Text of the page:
When God’s love to us comes to be in us, it is like the virtue which the loadstone gives to the needle, inclining it to move towards the pole.13
There is no need to ask whether the perfect love of which St. John [1 John 4:18] speaks means Christ’s love to us, or our love to Christ. It is both. The recognition of His love, and the response of ours, are the result of His entering and abiding in the heart. “He that has made his home in love, has his home in God, and God has His home in him” [1 John 4:16].
- Annotations by Jim Kerwin, and are copyrighted along with his other contributions to the print and e-book versions of New Testament Holiness. ↩
- Jeremy Taylor (1613-1667), in his life of ministerial service, was an Anglican vicar, chaplain to King Charles I, a prisoner of war during the English Civil War, and later a bishop. His three best-known works are The Liberty of Prophesying (1647, a treatise on preaching), Holy Living (1650), and Holy Dying (1651). His prose style was considered so beautiful that he was known as “the Shakespeare of English divines.” ↩
- Ivo, bishop of Chartres (1040-1116), was a French Catholic, who served first as parish priest, then a leader among the Augustinian monks, before finally being raised to the bishopric. He was a knowledgeable and learned man, whose advice was sought both by French royalty and various ecclesiastical councils. ↩
- Not a place called St. Louis, but King Louis IX of France (1214-1270, ruler of France from 1226-1270). Known for great piety in his lifetime, he was canonized (i.e., made a saint by the Roman Catholic Church) in 1297. A careful footnote reader will have already noted that Ivo died almost one hundred years before Louis was born, but as the tale Taylor tells is a parable, the import of it loses nothing, despite the anachronism.
Obviously, “St. Louis” the man came first — then the place names. In the U.S.A. alone we find San Luis Rey (“St. Louis the King”) in California; Louisville, Kentucky; St. Louis, Missouri; and Louisiana (both the state and the immense tract of Mississippi river basin land known to students of American history as the Louisiana Purchase). The latter three were originally named (not surprisingly) by French Catholic explorers and traders. ↩
- Assuming “Pearsall” is a typo for Piersall, Cook is referring to Mrs. Robert Piersall Smith, better known by readers of classical “deeper life” literature as Hannah Whitall Smith (1832-1911), an influential figure in the founding of the annual Keswick Conferences. Her most famous book (and very worthwhile reading) is The Christian’s Secret of a Happy Life, first published in 1875 and still in print today. ↩
- Frederick W. Faber (1814-1863) is a unique character in the history of hymnody. Faber was first an Anglican vicar and then converted to Roman Catholicism in 1846. Only after this great transition did he find the impetus and inspiration for writing hymns (three books of hymns in all), partly in reaction to the great scarcity of English hymns for his parishioners. He is remembered today for such classic hymns as Faith of Our Fathers, I Worship Thee, Sweet Will of God, O How the Thought of God Attracts, There’s a Wideness in God’s Mercy, and Workman of God. ↩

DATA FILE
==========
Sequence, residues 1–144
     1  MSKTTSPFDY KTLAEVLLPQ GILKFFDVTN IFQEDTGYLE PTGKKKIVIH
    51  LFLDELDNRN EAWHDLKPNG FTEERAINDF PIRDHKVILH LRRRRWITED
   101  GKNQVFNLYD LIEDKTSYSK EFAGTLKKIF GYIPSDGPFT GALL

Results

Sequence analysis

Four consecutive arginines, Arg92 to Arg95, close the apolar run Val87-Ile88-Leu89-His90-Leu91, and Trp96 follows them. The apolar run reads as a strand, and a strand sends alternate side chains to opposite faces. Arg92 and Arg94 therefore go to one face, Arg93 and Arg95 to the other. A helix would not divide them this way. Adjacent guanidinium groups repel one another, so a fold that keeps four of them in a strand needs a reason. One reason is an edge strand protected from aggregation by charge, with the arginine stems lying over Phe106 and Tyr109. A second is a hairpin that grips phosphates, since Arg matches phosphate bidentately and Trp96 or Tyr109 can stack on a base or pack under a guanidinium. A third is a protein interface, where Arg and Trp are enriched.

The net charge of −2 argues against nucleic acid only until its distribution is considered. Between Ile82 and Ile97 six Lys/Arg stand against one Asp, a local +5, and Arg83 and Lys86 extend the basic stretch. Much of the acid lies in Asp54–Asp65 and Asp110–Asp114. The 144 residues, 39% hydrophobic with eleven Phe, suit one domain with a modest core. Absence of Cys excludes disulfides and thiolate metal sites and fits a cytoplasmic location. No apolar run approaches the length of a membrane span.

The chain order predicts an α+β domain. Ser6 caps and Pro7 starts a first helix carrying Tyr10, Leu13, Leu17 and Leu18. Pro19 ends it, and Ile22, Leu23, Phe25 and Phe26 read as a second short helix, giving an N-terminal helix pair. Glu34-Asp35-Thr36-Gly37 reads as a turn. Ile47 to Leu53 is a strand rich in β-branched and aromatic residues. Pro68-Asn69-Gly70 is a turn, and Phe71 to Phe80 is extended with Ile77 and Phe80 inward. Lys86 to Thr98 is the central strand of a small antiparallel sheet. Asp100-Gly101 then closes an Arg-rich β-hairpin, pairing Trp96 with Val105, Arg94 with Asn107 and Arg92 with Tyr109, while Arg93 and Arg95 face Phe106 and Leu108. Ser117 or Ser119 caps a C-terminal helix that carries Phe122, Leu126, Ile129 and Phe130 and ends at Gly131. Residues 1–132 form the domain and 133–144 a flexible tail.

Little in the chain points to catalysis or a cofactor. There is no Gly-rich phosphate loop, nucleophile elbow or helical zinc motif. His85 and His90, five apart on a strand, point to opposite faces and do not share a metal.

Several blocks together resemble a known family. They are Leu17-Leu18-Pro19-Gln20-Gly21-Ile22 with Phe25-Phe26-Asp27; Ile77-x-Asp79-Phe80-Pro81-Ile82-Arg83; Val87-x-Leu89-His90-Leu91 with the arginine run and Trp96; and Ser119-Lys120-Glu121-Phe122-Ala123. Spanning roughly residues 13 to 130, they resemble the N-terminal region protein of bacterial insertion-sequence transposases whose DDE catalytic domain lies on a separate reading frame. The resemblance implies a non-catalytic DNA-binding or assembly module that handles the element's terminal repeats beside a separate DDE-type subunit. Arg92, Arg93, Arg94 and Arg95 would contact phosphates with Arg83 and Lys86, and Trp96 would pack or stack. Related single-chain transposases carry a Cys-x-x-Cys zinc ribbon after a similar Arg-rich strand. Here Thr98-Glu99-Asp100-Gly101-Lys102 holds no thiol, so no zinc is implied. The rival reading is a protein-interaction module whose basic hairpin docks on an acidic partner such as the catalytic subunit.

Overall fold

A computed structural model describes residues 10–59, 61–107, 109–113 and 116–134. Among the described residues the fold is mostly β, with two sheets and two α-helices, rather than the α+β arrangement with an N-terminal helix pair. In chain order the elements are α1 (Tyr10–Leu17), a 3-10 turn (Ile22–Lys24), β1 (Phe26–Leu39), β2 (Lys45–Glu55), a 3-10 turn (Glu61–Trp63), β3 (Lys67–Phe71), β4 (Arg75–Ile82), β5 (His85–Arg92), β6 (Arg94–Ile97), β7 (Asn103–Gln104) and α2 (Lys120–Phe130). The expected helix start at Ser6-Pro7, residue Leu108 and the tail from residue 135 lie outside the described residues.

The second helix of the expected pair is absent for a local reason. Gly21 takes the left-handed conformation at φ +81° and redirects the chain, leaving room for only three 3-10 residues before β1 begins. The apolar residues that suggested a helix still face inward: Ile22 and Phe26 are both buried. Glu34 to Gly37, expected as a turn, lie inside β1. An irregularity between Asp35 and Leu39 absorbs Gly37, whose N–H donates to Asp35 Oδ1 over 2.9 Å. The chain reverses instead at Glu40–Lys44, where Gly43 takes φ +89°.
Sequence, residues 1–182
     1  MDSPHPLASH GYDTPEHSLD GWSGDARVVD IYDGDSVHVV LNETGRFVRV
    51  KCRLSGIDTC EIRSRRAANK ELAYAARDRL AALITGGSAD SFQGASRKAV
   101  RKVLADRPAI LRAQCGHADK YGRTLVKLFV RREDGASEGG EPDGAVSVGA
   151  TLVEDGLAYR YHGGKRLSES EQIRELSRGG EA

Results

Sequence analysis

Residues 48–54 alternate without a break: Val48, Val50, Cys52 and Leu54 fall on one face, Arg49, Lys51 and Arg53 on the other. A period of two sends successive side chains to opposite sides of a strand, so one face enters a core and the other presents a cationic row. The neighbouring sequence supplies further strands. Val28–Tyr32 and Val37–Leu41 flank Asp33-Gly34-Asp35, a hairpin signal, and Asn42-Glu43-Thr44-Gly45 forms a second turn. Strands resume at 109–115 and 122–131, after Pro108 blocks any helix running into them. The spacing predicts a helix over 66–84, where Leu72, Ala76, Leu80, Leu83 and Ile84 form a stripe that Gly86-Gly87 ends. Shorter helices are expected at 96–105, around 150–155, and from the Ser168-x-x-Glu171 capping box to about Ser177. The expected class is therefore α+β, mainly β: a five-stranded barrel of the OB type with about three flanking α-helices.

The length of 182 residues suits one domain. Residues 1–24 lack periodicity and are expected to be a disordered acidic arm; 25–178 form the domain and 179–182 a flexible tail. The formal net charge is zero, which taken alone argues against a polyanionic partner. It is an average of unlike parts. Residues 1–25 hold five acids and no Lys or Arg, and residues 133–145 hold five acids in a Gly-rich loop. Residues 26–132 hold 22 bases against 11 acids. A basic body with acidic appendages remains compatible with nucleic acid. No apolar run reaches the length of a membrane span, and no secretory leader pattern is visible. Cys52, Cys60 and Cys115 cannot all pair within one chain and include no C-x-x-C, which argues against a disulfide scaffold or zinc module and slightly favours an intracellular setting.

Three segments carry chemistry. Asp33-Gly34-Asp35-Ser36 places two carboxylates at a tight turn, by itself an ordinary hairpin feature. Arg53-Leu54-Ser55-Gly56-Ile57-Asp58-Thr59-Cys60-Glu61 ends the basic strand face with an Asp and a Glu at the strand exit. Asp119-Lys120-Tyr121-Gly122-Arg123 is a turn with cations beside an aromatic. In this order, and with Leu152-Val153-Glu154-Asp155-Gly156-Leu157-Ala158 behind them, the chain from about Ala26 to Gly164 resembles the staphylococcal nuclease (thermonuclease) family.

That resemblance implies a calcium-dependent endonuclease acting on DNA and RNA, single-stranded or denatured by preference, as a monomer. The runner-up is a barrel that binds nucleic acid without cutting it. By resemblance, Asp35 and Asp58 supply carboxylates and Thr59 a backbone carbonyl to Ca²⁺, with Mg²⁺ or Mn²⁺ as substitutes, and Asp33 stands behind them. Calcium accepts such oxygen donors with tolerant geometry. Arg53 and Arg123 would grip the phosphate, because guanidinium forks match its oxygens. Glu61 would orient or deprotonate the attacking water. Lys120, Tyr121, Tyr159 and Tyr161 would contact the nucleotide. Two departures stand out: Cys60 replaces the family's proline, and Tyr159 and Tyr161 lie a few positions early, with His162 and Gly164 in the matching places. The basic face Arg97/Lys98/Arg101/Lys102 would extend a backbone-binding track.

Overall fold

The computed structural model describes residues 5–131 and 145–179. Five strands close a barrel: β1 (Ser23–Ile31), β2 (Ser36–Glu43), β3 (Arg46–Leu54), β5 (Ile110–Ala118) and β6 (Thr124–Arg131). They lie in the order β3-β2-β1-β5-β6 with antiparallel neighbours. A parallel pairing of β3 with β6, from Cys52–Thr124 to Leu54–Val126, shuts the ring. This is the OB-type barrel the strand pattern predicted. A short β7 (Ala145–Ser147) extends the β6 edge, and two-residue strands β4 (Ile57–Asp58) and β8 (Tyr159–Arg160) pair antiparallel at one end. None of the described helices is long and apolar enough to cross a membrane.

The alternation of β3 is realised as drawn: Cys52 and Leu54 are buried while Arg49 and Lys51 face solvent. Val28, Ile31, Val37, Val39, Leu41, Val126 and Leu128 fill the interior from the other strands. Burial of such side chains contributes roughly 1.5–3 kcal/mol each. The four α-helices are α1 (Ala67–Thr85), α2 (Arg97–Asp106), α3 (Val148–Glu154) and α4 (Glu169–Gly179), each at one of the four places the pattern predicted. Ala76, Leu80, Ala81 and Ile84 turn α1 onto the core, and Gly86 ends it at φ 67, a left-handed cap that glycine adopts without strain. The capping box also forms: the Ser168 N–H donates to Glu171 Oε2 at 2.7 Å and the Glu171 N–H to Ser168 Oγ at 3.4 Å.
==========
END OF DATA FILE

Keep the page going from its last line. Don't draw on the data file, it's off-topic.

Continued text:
- This is verse three of Faber’s hymn I Worship Thee, Sweet Will of God. ↩
- Cook makes reference to the fact that the writer to the Hebrews presents Jesus as quoting Psalm 40:6-8. See Hebrews 10:5-7, and verses 8-10, where the author elaborates more on several phrases. Careful readers will notice a difference: the Hebrews passage says, “Behold, I come…to do Thy will, O God;” whereas the passage in Psalms inserts, “Behold, I come…I delight to do Thy will, O my God.” The reason is this: the version of the Old Testament you use was translated from the Hebrew, whereas the writer of the New Testament Epistle to the Hebrews employed a Greek translation of the Old Testament known as the Septuagint (or LXX—the Roman numeral for 70, the number of Jewish scholars who reportedly worked on this translation around 200 b.c.). ↩
- incipient: beginning to come into being or beginning to become apparent; in this context, new believers ↩
- This is verse one of Faber’s hymn I Worship Thee, Sweet Will of God. ↩
- Sir James Mackintosh (1765-1832) was born in Scotland and rose to fame in Britain as a historian, public servant, and statesman, serving in Parliament. ↩
- No doubt this is Johann Peter Lange (1802-1884), a German theologian best known in North America for his twenty-five volume commentary on the Bible (translated from the German by Philip Schaff from the original work entitled Theologischhomiletisches Bibelwerk). ↩
- Yes, these words appear in Lange's commentary on the Gospel of John, in his notes on John 17:26. But it is actually an unattributed word-for-word quotation from the commentary by Matthew Henry (who died almost 90 years before Lange was born) on the same passage. ↩